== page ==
I am doing something like that for my Nextcloud…
FreeNAS is the backend holding all the data.
My FreeNAS No1 replicates its content to FreeNAS No2 every 15 minutes, sending the ZFS snapshots over VPN.
FreeNAS No2 being 400 Km away, it will survive any physical damage FreeNAS No1 can suffer.
FreeNAS No3 is on the same site as FreeNAS No1 and is kept down most of the time. Twice a month, I power it up and it syncs with FreeNAS No1 right away. Once sync is done, I turn it back off. That way, no logical incident can affect FreeNAS No3 because it is offline all the time.
Thanks to that mechanic, all the data are very safe.
In a Docker host outside FreeNAS, I mount a few NFS shares. One is the data used by the Nextcloud container. Another is mounted from a standalone VM I use for backup. That standalone VM has read-only access to all Docker volumes mounted by the Nextcloud container. It does its backup this way. It also has MySQL client installed on it and do a complete SQLDump of the database. These files are then encrypted and saved back in FreeNAS to be replicated to all 3 servers.
Thanks to that, every FreeNAS contains 100% of the server-side encrypted data, 100% of manually encrypted Nextcloud Docker volumes and 100% of the manually encrypted SQL Database. Because everything is encrypted, there are no risk if a FreeNAS get compromised or stolen.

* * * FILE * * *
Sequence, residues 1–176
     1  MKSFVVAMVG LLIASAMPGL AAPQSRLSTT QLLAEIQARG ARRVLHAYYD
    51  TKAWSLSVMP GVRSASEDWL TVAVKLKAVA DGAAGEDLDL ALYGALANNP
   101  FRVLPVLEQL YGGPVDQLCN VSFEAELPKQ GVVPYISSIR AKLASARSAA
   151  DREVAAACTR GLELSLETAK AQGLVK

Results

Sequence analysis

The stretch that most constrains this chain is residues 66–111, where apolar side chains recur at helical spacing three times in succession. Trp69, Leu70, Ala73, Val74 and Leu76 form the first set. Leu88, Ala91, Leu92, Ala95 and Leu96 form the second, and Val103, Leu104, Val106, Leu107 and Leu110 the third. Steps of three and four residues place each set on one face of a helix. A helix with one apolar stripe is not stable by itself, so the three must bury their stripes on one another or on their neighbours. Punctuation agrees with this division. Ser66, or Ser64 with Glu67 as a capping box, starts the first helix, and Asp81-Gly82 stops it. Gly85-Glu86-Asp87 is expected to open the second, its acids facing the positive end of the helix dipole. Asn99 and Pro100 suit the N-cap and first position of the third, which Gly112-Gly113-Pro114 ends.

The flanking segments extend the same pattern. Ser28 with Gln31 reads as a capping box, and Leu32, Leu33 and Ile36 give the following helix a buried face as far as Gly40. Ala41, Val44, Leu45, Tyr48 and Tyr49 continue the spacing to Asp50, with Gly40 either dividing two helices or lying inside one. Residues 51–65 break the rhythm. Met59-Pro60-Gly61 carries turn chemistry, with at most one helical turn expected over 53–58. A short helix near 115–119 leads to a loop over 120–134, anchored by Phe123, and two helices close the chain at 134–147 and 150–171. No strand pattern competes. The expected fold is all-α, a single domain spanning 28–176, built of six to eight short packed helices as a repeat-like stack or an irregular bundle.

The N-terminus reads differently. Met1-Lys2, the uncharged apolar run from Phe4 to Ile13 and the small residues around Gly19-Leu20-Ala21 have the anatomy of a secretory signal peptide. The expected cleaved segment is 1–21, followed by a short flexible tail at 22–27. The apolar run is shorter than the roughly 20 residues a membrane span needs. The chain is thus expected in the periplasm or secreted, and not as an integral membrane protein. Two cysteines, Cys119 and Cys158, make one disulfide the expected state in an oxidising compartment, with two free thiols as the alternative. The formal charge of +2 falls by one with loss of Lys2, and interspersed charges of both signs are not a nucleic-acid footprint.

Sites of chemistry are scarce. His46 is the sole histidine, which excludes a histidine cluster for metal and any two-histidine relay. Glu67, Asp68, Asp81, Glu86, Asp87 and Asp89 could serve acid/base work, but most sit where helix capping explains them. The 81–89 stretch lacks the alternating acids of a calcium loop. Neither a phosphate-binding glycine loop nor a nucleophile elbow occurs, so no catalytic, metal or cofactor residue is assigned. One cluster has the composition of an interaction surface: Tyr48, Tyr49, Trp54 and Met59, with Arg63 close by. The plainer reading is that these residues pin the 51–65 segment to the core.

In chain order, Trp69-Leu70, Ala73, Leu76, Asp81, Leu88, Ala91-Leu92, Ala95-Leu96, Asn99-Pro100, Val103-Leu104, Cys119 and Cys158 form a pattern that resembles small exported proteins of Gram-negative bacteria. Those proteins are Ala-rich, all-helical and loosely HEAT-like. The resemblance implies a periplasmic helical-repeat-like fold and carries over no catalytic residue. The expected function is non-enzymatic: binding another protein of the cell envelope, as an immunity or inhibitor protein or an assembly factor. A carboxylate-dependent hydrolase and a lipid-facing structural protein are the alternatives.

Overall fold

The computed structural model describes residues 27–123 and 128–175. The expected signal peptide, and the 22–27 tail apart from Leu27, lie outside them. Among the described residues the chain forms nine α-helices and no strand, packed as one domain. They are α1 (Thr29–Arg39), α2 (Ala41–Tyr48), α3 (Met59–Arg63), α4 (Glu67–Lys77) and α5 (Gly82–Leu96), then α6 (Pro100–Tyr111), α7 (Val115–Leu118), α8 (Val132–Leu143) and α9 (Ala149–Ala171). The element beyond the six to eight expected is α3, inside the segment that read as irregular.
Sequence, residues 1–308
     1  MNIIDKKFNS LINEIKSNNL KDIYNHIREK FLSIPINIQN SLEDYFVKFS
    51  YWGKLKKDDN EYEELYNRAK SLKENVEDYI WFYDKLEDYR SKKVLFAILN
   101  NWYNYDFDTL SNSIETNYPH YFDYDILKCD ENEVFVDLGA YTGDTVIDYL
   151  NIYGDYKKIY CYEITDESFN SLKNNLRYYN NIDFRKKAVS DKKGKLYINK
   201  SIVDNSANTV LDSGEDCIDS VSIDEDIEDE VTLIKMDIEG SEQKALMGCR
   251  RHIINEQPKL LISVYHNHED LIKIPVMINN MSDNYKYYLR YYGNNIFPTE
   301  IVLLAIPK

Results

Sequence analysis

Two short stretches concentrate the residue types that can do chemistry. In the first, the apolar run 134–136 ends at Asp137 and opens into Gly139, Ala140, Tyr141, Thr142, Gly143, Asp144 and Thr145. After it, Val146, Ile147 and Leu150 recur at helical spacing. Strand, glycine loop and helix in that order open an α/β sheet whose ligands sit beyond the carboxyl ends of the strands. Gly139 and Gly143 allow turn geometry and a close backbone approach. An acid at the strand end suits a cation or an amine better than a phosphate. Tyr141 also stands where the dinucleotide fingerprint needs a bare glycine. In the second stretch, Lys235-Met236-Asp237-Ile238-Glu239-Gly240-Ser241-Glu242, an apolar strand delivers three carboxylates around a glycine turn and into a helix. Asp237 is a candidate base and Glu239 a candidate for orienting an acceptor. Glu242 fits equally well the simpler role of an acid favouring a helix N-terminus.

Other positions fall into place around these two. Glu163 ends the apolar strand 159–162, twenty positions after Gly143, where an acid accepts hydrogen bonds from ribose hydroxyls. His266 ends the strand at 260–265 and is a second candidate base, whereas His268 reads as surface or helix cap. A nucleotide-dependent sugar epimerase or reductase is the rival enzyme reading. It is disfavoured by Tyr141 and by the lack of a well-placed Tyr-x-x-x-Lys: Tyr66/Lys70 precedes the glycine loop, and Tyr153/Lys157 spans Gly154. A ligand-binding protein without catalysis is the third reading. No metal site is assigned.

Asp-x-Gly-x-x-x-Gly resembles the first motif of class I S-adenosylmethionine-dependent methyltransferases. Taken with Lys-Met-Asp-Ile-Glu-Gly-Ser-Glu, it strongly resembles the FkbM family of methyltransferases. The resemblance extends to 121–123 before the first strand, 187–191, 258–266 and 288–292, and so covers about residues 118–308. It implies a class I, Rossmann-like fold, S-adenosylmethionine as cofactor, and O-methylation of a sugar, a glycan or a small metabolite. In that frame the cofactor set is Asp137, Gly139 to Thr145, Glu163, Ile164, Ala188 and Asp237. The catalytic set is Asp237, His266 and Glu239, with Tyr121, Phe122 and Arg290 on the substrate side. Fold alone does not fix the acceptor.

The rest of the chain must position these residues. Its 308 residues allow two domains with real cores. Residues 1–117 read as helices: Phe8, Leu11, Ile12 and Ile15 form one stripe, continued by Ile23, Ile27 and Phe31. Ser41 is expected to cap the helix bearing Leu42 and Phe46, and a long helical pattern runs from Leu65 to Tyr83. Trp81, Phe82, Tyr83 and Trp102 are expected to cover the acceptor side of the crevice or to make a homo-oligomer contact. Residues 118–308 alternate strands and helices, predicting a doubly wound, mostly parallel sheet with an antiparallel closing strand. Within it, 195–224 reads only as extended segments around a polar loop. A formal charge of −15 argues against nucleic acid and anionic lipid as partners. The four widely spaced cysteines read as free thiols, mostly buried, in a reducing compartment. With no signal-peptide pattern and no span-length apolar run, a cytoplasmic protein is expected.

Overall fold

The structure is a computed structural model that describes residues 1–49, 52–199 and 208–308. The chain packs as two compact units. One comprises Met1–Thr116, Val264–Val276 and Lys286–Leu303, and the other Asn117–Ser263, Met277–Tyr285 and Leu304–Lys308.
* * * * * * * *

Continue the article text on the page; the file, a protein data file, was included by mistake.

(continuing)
To recover, I need to a Docker host with 3 containers :
–First is used to extract and decrypt the backups. I must enter the backup password manually for that.
–Second is an SQL Database to which I restore the complete DB
–Third is the Nextcloud container in which I mount the freshly restored and decrypted volumes.
And Bingo : a brand new Nextcloud server is running with data up-to-date.
Every year, I do a complete restore test to ensure everything recover correctly and that my cloned Nextcloud is functional. Should I fail my annual test, I fix it and re-test it within 6 months. I also have everything written in a document, listing which command should I do, in which order, …
Thanks to that, my private cloud is as strong and safe as possible. The service may go down for a moment, but data will always be recovered.